KIER Group, the troubled construction and infrastructure giant, has slumped to a “disappointing” £245 million loss after being weighed down by hefty restructuring costs.

And the company, which employs around 200 staff in Scotland, warned Brexit has the potential to disrupt its operations, “particularly in relation to materials, people and the supply chain”. It has set up a Brexit task force as part of its preparations for the UK leaving the European Union (EU).

Kier swung to a loss from a profit of £106m last time after a tumultuous year, which saw it launch a major restructuring exercise to slash debt and boost cash flow as the company battled to avoid a similar fate to failed infrastructure peer Carillion.

READ MORE: Construction firm Kier to cut 1,200 jobs

Kier racked up exceptional charges totalling £341m, with the costs relating to steps taken to sell off its housebuilding, property and environment services and facilities management businesses.

The review was launched by chief executive Andrew Davies shortly after succeeding Haydn Mursel, who stepped down in January after a £250m rights issue was snubbed by around two-thirds of investors.

The full amount was raised because the rights issue had been underwritten.

Kier had launched the rights issue to shore up its balance sheet after a number of lenders had signalled their intention to reduce exposure to the construction and related sectors, following the high-profile collapse of Carillion. Kier had also noted “increasing pressure from stakeholders to shorten supply chain payment terms”.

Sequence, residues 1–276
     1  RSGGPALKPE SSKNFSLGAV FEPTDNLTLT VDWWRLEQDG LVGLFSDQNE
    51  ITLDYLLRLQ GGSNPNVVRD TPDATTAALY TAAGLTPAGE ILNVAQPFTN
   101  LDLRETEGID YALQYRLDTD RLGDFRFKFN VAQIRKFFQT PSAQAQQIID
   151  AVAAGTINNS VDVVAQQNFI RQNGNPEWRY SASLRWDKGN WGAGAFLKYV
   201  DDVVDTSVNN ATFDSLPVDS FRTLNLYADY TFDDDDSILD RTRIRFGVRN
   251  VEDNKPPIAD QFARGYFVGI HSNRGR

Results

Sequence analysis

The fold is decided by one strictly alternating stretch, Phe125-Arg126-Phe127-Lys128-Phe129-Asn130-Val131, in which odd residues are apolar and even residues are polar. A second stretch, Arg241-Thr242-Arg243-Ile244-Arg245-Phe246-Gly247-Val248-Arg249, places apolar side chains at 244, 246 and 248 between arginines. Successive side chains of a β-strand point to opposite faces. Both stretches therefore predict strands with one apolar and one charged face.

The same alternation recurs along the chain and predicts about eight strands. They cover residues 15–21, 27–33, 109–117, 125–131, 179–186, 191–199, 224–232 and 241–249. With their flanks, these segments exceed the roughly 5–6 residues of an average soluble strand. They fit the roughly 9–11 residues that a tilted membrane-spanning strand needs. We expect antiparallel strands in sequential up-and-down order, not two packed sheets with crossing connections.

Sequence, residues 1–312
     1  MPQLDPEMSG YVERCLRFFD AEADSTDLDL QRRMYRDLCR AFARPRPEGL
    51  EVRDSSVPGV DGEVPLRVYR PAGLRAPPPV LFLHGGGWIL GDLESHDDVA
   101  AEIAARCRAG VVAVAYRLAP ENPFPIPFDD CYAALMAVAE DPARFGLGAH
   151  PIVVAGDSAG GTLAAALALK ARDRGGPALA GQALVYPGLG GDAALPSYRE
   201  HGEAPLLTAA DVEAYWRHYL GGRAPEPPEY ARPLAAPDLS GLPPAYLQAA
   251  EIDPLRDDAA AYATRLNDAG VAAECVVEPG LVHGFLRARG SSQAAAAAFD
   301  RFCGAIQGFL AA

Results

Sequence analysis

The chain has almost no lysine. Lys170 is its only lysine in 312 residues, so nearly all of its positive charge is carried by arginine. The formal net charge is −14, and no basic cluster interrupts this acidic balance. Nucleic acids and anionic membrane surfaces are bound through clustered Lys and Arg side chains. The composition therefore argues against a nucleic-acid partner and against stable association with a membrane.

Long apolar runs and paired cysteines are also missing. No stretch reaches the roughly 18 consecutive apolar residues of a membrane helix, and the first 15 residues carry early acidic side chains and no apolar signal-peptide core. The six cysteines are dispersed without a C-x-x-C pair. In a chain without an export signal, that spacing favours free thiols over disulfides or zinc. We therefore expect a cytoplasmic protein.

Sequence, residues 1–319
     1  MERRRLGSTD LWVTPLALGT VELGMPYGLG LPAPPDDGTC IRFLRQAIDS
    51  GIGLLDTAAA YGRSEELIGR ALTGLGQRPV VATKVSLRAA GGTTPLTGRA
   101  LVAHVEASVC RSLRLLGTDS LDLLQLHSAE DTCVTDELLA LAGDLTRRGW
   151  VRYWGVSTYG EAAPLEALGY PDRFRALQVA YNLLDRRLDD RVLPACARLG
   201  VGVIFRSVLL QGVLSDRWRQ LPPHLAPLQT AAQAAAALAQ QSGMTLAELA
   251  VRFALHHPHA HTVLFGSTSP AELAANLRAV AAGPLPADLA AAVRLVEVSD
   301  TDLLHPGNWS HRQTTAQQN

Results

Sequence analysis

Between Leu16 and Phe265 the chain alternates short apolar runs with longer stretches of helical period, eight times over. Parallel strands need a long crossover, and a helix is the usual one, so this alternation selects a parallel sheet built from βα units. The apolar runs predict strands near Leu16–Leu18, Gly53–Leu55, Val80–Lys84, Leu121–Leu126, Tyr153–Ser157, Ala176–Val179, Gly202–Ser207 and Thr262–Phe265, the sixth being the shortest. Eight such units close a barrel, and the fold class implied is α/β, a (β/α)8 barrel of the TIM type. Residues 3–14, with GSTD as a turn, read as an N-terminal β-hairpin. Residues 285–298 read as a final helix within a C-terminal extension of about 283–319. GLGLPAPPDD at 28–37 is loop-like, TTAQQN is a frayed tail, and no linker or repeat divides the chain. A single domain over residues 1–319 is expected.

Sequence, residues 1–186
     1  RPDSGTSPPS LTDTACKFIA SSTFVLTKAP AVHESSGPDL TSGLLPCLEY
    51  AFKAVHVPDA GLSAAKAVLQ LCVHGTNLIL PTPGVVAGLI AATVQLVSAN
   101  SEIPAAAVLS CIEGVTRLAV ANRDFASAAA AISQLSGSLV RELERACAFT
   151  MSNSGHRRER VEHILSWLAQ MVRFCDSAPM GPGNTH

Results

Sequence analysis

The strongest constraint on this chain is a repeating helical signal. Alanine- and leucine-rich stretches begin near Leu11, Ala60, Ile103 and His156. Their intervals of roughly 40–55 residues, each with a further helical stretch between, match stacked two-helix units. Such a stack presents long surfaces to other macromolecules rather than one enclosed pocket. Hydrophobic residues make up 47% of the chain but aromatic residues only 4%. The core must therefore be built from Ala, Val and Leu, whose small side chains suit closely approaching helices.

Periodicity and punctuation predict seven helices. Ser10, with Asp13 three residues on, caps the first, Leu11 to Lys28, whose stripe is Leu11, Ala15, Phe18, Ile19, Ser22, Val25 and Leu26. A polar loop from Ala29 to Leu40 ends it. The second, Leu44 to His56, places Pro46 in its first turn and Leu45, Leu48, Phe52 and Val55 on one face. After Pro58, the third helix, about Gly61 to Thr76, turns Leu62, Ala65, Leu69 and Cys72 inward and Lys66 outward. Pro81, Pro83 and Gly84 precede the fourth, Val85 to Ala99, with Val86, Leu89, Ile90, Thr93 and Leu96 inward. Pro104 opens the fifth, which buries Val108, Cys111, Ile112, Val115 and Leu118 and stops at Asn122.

Kier said the restructuring leaves it with a simpler structure, focused on four core divisions - regional building, highways, utilities and infrastructure.

The company reported revenue of £4.5 billion for the year, broadly unchanged.

READ MORE: New Kier boss begins with business review

David Madden, market analyst at CMC Markets, said: “The restructuring plan is moving slowing, but it is making progress nonetheless.”

Kier’s restructuring will lead to 1,200 redundancies across the UK, which includes a reduction in its workforce in Scotland and the north of England to around 200 from 220.

The Scottish division is focused on construction work, and is active on a range of publicly-procured projects for hospitals and schools. It also has a pipeline of work in the heritage sector, with current projects including the £21.5m redevelopment of the Citizens Theatre and the £66m renovation of the Burrell Collection in Glasgow.

Kier’s healthcare work in Scotland includes the first phase of the NHS Golden Jubilee National Hospital’s £50m elective care facility expansion. That will see it build the new Golden Jubilee Eye Centre.

In education, Kier is currently on site building the new Alness Academy in the Highlands, a £32m project.

Gordon Reid, Kier’s business development manager for Scotland, said the company is optimistic over its outlook for Scotland, noting that it was committed to investing in the business north of the Border.

But he conceded that Brexit uncertainty means “decision making is a bit slow” on the client side. “That is just down to a degree of uncertainty,” Mr Reid added.

He noted that the firm would like to win more work in the private sector

Mr Davies said of the results: “Kier experienced a difficult year, resulting in a disappointing financial performance. However, we are building firm foundations for the future: we have a new management tea, in place, we have defined our strategic priorities and we are taking decisive actions to deliver them.”

“We have a strong order book, reflecting the strength of the underlying business, the quality of our people and the group’s capabilities. The sale of Kier Living is progressing well and we are exploring options to accelerate the release of capital from our Property business. The re-shaping of the Group is designed to reduce its overall indebtedness during FY2020 and to restore Kier to robust financial health.”

Kier said chairman Philip Cox will retire and step down from the board as soon as a successor is found. Mr Cox joined the board on July 1, 2017, and has been chairman since August 31 that year.